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Fig. 7.8. Amyloidosis of the larynx. a Scattered reddish masses of ing. b The same field, green birefringence of the amyloid with po-amyloid are seen in the subepithelial stroma by Congo red stain- larised light

Grossly, the affected area of the larynx is swollen, sometimes polypoid, covered by an intact mucosa. On a cut surface, it is firm, pale, waxy, tan-yellow to red-grey [359]. Microscopically, H&E staining shows the deposition of an amorphous, eosinophilic, hyaline, extracellular substance in the subepithelial stroma, blood vessel walls, and along the basement membranes of seromuci-nous glands, with intact covering epithelium. The deposits may be discrete, or may appear as large rounded masses of variable size. They stain with Congo red and display green birefringence with polarised light; this property remains the diagnostic gold standard (Fig. 7.8). Immunohistochemical analysis must also be performed to determine the amyloid type [131].

Most patients can be successfully treated by a conserving surgical excision to preserve laryngeal function for as long as possible. In some patients, multiple procedures may be necessary, and recurrences may occur. A fatal outcome has been described in patients with progressive tra-cheobronchial involvement, but association with systemic amyloidosis is rare [59]. Clinical examination is advised to exclude the possibility of a systemic disease.

Sinus histiocytosis with massive lymphadenopathy (SHML), or Rosai-Dorfman disease, is an idiopathic, relatively rare benign lesion, based on a nodal and/or extranodal histiocytic proliferative disorder that usu ally resolves spontaneously. The most frequent clinical manifestation of the disease is cervical, bilateral and painless lymphadenopathy. However, extranod-al sites may also be involved and the head and neck region is one of the most commonly affected areas [381]. Extranodal disease may be the initial or sometimes the sole manifestation of the disease. Foucar and co-workers reported that 43% of patients had at least one site of extranodal location of SHML [118]. Within the head and neck, the nasal cavity, paranasal sinuses and orbit are commonly involved. Some cases of laryngeal lesions have been reported too [5, 11, 52, 66, 118, 207]. Typically, the SHML begins insidiously and progresses to a protracted course of the active stage, and ends with spontaneous remission. SHML occasionally appears with subsequent recurrence and serious consequences, occasionally even death, if vital organs are affected. Exclusive extranodal disease is more frequent in elderly persons [51]. Laryngeal SHML usually manifests as a circumferential narrowing or polypoid mucosal lesion of a tan-white to yellow appearance. Vocal cord involvement results in impaired mobility [51].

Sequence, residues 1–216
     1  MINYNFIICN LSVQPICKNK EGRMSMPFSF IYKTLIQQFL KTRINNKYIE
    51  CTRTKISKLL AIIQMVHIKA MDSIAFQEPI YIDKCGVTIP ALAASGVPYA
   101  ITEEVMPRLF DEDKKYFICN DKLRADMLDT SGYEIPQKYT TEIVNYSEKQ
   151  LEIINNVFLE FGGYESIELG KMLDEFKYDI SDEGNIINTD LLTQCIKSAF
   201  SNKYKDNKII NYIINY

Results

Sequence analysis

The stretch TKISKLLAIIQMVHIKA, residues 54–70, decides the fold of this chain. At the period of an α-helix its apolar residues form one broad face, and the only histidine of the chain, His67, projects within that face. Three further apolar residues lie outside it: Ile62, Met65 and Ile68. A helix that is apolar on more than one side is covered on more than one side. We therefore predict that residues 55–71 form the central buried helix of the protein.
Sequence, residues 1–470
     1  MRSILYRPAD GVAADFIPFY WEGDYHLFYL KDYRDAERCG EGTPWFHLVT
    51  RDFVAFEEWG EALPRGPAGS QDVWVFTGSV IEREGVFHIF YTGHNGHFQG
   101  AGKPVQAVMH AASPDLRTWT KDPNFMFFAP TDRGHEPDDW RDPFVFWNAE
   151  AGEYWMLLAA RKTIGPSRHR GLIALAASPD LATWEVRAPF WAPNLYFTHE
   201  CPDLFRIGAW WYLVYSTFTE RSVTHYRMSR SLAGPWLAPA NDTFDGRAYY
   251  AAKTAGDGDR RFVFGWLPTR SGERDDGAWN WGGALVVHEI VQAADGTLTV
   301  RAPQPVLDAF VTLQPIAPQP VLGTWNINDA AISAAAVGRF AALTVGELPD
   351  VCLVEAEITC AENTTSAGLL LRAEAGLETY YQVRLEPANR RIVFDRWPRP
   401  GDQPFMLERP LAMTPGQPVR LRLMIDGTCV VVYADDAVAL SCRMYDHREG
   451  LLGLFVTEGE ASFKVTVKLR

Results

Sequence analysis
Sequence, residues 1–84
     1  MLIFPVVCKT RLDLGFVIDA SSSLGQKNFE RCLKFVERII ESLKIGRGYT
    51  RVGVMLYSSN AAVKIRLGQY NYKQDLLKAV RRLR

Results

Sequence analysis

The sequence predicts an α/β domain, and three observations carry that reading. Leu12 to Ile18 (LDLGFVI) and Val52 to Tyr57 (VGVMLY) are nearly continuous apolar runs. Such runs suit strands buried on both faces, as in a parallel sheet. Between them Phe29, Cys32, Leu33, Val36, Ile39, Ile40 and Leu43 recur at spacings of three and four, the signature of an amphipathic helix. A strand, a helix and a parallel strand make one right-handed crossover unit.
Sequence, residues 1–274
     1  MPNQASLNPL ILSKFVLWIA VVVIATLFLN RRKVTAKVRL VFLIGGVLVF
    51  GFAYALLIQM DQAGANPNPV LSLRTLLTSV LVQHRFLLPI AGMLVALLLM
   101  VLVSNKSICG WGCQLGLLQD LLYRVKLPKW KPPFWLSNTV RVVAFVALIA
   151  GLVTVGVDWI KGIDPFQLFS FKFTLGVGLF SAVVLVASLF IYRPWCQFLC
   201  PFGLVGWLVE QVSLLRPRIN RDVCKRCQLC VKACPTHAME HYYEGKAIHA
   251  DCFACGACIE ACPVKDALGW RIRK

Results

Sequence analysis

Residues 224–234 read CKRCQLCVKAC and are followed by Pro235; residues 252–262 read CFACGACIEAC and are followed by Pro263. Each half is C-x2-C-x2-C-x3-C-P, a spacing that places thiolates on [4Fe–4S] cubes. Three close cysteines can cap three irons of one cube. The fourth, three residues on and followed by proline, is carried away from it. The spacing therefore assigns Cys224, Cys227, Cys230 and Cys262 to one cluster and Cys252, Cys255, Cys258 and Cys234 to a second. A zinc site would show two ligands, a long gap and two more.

Histologically, the laryngeal mucosa is almost diffusely infiltrated by lymphocytes, plasma cells, neutrophils and clusters of histiocytes. Histiocytes are of various sizes, with a focally vacuolated pale to pink cytoplasm, but ill-defined borders. Their nuclei are round or oval, sometimes vesicular, with well-defined central nucleoli. Lympho- and granulophagocytosis is evident in the cytoplasm of these histiocytes; the phenomenon is termed emperipolesis. Immunohistochemical-

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